What Should You Do If Your Dog Has Eaten A Lot Of Pepper?

If the symptoms are mild and your dog is still eating, drinking, and keeping water down, you can try caring for them at home. Offering bland food like boiled chicken and rice, plain pasta, scrambled egg, or white fish for a few days should help settle their stomach.

However, if your dog has severe symptoms, is acting unwell, or cannot keep water down, you should speak to your veterinarian. The vet can give them medication to settle the stomach and stop them from vomiting if they need it. Then, they should be on the mend in no time.

Don’t Forget Other Ingredients

Remember, pepper isn’t the only troublesome ingredient that could be hiding in your culinary masterpiece. Many other foods are poisonous to dogs or could cause them to feel a bit unwell. Many dishes contain garlic and onion, which could make your dog anemic.

Other food risks include milk, cheese, and other dairy products, which can cause vomiting and diarrhea because dogs are lactose intolerant. So, it’s definitely best to be sure that your food is safe for your dog before offering them a little taste.

Frequently Asked Questions

What happens if a dog eats black pepper?

A small amount is safe for dogs, but if they eat a lot of it, jalapeños, or other spicy ingredients, then their gut might not be too happy. However, if they do manage to eat a large amount of pepper, they might suffer from vomiting and diarrhea for a few days. If their symptoms are mild, feeding them a bland diet until their symptoms improve should help them recover quickly.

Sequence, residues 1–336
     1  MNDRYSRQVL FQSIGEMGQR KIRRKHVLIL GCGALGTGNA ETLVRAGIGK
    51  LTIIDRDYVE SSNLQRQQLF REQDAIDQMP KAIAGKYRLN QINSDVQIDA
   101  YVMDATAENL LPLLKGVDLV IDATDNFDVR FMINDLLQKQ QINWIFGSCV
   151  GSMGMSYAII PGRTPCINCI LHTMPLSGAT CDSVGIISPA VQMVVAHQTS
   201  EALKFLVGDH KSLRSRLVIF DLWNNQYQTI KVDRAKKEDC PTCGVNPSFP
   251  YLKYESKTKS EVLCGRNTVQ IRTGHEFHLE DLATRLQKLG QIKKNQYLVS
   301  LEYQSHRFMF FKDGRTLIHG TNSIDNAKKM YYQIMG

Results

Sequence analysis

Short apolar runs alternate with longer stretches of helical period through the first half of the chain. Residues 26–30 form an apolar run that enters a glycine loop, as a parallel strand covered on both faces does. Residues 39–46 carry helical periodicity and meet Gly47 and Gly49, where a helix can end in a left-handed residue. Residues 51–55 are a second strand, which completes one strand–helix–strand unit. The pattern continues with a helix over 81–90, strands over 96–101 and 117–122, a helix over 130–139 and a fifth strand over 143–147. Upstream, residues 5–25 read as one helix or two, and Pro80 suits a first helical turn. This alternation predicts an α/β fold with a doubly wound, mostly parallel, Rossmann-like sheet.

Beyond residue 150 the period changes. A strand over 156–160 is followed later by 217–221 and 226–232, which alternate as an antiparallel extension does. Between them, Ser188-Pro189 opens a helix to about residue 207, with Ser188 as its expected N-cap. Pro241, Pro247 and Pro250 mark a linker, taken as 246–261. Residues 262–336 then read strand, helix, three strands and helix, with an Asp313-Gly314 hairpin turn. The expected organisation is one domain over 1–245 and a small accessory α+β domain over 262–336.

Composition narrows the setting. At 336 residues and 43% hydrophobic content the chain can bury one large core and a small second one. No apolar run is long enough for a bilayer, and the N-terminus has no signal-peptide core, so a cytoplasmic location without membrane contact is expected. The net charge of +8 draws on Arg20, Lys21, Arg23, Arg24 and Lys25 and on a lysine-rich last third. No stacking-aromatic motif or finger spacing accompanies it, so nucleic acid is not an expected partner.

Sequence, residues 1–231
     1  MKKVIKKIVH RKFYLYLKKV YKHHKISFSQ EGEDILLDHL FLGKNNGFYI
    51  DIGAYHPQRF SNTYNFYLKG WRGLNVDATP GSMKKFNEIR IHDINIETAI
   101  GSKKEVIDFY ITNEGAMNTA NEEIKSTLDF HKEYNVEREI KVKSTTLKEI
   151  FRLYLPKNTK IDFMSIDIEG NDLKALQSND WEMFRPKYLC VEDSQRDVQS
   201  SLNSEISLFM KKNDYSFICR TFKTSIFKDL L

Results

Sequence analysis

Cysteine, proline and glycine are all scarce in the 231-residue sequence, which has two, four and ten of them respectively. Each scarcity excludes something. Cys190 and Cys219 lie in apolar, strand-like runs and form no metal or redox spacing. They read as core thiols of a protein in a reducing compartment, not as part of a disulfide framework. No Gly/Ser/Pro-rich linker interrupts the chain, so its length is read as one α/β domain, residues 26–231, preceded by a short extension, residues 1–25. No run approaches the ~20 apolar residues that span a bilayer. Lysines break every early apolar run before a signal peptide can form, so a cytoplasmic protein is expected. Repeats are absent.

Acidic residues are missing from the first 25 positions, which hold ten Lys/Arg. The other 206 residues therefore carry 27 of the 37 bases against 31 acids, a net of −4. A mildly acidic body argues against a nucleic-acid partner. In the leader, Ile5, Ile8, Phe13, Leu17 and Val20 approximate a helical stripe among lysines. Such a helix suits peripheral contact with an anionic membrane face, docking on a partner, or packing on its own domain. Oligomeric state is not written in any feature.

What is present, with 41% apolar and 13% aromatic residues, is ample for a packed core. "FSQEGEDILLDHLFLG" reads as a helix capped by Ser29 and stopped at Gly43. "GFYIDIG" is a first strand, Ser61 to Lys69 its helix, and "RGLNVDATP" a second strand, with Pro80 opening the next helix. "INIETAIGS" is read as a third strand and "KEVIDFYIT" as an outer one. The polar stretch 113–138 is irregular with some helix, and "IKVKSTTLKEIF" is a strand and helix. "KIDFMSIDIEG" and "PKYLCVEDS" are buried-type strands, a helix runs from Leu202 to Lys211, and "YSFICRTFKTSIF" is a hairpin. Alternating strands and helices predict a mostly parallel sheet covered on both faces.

Does pepper stop dogs from chewing?

Because dogs don’t like the smell of black pepper, they tend to avoid it altogether. This means that it can theoretically be used to stop your dog from chewing wires, rugs, or shoes and also stop other unwanted behaviors. If your dog is very sensitive to the smell of pepper, they probably won’t get close enough to lick or eat any of it. However, if they’re brave or stubborn, be aware that they could ingest some of the pepper and might develop unwanted symptoms.

In reality, there are many more effective ways to stop these behaviors without risking giving your dog a bad belly. So, if you’re concerned about your dog’s behavior, especially if they’re being destructive, speak to your veterinarian or a behaviorist about how best to improve the situation. You might also consider using a product like Bitter Apple Spray to deter your pet.

Final Thoughts

If you offer your dog food that contains a tiny amount of black pepper, there’s no need to panic. Dogs can usually tolerate a small amount without showing symptoms. However, if you’re eating a dish that contains a lot, it could make your dog’s stomach upset. So, make sure your dog steers clear. You might feel guilty for not sharing your food, but rest assured, your dog will be grateful in the long run.